US-backed force ‘mopping up’ last ISIS holdouts in Raqqa

A fighter from Syrian Democratic Forces holds a walkie-talkie in Raqqa, Sept 16, 2017. PHOTO: REUTERS
A view of a damaged site is seen in Raqqa, Syria on Sept 16, 2017. PHOTO: REUTERS

BEIRUT (AFP) - Syrian fighters backed by US special forces battled on Thursday (Sept 21) to clear the last remaining Islamic State in Iraq and Syria (ISIS) group militants holed up in their crumbling stronghold of Raqqa.

Across the border in Iraq, security forces were attacking all remaining territory held by the extremists, who are fighting to prevent the all-out collapse of their self-proclaimed "caliphate".

Most of Raqqa, long a byword for the militants' most gruesome atrocities, is now in the hands of US-backed fighters supported by waves of heavy air strikes by a military coalition led by Washington.

"The Syrian Democratic Forces and American special forces began a mopping up operation in Raqqa," the Syrian Observatory for Human Rights said on Thursday.

The British-based monitor said militant holdouts were still hiding in underground shelters in a part of the city centre where a football stadium and former government buildings are located.

But the operation was being slowed down by large numbers of mines planted by the militants in the city, where they have been under siege for three months, it said.

SDF spokesman Talal Sello said the Kurdish-Arab alliance of fighters were battling militants in "20 per cent of the city".

"That sector is not under the control of Daesh... our forces are present there," he said using an Arabic acronym for ISIS.

The SDF said Wednesday they were in the "final stages" of capturing Raqqa.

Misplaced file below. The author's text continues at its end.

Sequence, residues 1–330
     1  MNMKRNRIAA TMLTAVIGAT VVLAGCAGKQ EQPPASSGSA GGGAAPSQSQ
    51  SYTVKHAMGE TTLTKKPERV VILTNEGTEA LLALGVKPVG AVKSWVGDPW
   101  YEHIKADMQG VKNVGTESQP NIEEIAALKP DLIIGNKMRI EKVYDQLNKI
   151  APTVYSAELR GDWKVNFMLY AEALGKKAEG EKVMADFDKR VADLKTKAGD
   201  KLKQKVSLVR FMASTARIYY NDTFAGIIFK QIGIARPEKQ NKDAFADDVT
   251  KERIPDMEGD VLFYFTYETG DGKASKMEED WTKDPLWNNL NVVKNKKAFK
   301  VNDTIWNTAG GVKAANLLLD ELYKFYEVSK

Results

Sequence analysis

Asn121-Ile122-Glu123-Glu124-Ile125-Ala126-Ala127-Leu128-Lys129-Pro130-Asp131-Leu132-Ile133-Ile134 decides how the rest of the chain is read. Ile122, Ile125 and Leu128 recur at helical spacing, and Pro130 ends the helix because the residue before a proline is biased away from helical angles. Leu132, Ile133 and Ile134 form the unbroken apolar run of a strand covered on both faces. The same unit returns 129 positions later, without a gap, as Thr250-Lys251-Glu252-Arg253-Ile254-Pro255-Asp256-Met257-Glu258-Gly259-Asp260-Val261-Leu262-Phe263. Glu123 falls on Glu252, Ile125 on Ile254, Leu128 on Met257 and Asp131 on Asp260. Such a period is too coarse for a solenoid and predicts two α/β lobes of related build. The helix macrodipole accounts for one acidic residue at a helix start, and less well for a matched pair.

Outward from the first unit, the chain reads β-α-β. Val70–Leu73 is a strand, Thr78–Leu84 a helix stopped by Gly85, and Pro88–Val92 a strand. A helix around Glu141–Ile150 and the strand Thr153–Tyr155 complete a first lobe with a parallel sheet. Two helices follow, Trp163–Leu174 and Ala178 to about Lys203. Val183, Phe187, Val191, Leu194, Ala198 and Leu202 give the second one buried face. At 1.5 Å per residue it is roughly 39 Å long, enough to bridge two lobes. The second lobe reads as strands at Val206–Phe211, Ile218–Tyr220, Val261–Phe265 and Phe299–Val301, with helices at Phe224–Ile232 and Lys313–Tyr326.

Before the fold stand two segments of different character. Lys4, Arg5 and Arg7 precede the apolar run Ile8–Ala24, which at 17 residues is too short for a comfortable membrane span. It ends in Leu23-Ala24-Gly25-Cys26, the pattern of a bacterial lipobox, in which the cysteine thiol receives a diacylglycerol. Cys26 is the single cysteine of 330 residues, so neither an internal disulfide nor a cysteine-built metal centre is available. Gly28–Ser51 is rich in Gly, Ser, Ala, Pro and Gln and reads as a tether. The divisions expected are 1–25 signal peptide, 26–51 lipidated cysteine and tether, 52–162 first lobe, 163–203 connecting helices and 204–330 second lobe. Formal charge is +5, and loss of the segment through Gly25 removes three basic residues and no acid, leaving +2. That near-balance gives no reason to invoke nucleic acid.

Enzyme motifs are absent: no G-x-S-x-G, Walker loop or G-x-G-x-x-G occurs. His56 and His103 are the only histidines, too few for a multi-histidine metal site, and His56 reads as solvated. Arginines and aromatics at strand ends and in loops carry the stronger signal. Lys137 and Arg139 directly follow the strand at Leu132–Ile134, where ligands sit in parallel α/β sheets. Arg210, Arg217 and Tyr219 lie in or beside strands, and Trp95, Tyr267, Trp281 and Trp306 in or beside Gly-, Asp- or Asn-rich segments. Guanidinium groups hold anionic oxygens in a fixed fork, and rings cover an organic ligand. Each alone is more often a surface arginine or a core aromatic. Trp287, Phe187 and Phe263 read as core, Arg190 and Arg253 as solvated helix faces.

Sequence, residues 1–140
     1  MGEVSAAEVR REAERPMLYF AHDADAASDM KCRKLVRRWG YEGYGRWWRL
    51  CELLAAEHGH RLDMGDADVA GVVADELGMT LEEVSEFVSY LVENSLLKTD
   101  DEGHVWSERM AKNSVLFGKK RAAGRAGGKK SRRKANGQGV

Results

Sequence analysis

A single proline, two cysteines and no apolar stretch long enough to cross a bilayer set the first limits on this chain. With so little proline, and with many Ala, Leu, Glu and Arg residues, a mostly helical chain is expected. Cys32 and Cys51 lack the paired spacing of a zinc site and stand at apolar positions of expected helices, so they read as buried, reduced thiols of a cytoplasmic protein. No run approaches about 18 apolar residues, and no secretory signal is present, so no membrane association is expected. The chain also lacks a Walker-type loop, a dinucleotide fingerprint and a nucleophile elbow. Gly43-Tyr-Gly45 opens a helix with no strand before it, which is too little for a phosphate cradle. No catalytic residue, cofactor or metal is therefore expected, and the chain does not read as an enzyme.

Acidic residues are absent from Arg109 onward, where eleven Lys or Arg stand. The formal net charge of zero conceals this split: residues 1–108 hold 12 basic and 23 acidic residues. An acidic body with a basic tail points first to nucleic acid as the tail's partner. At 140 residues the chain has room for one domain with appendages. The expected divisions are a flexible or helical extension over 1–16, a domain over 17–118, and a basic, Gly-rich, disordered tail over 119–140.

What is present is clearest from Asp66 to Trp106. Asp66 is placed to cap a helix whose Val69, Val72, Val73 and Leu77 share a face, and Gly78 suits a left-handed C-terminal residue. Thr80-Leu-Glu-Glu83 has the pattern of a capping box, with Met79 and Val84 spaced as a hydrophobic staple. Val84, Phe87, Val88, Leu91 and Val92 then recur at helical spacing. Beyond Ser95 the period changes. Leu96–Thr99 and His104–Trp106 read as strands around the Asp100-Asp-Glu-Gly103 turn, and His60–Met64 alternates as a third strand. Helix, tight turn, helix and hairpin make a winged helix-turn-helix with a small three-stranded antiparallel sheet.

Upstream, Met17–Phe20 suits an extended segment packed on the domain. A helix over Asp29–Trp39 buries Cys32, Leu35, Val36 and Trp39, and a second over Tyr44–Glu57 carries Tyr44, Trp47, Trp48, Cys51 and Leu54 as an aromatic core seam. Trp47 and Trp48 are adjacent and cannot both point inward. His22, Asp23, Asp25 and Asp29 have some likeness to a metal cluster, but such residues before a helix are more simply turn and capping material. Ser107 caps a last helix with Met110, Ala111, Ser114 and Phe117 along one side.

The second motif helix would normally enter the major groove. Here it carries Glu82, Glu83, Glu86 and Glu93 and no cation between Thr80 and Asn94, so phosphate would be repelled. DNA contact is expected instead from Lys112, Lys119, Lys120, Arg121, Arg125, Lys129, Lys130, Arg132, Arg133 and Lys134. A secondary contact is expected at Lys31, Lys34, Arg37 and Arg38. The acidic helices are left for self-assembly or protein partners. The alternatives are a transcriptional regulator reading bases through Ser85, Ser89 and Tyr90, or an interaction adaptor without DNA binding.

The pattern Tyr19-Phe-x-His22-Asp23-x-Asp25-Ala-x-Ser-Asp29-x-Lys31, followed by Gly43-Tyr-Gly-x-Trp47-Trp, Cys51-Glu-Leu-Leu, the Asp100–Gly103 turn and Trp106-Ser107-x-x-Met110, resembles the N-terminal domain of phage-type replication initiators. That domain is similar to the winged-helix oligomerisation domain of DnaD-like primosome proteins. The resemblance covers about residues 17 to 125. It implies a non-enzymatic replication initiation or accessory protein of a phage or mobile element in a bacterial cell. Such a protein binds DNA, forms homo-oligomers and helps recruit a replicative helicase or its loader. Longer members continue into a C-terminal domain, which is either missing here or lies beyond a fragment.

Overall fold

The Observatory said the US-backed fighters controlled 90 per cent of the city but the US-led coalition estimated they only held 65-70 per cent.

ISIS seized Raqqa in early 2014, making it their de facto Syria capital. They are thought to have used the city to plan attacks abroad.


Across the border In Iraq, security forces backed by paramilitary units launched a dawn assault on a besieged ISIS-held pocket around the northern town of Hawija, just days after attacking the militants' only other foothold in the country.

The territory still held by ISIS has been dwindling fast since its defeat in Iraq's second city Mosul in July, with stronghold after stronghold coming under assault on both sides of the border with Syria.

After the defeat of ISIS in Mosul and the recapture of adjacent areas, Hawija and neighbouring towns form the last enclave still held by ISIS in Iraq apart from a section of the Euphrates Valley downstream from the border with Syria.

"Greetings to all of our forces, who are waging several battles of liberation at the same time and who are winning victory after victory and this will be another, with the help of God," Iraqi Prime Minister Haider al-Abadi said.

An AFP correspondent heard heavy shelling around the ISIS-held town of Sharqat where Iraqi forces have been massing in recent days.

The US-led coalition fighting ISIS hailed the new offensive.

"Daesh is losing ground and failing in every battle. Soon ISIS will have no sanctuary in Iraq," said coalition spokesman Colonel Ryan Dillon.


Humanitarian organisations expressed concern for the fate of civilians caught up in the offensive.

"The 85,000 civilians still in and around Hawija, including around 40,000 children, now face a terrifying time as they worry about getting caught up in the fighting or being hit by an air strike," said International Rescue Committee acting country director Jason Kajer.

"For those who decide to flee, there is a significant risk of being targeted by ISIS snipers or killed by a mine."

In Syria, thousands of civilians are still trapped inside Raqqa, the UN'S Office for the Coordination of Humanitarian Affairs (OCHA) said.

"We now estimate that up to 15,000 civilians remain trapped in Raqqa city, although exact figures remain difficult to verify due to the situation on the ground," OCHA's Linda Tom said.

She said the civilians, many of them women and children, "are facing incredibly difficult conditions", including food, water and medical shortages.

ISIS also holds pockets of territory in Syria's eastern province of Deir Ezzor, where the extremists are facing separate offensive by Russian-backed government troops and the SDF.

In Syria they are also present in eastern parts of the central provinces of Homs and Hama, but it has come under attack by Russian-backed government forces there too.

In Iraq, government forces are also pursuing ISIS in the western desert near the border with Syria.

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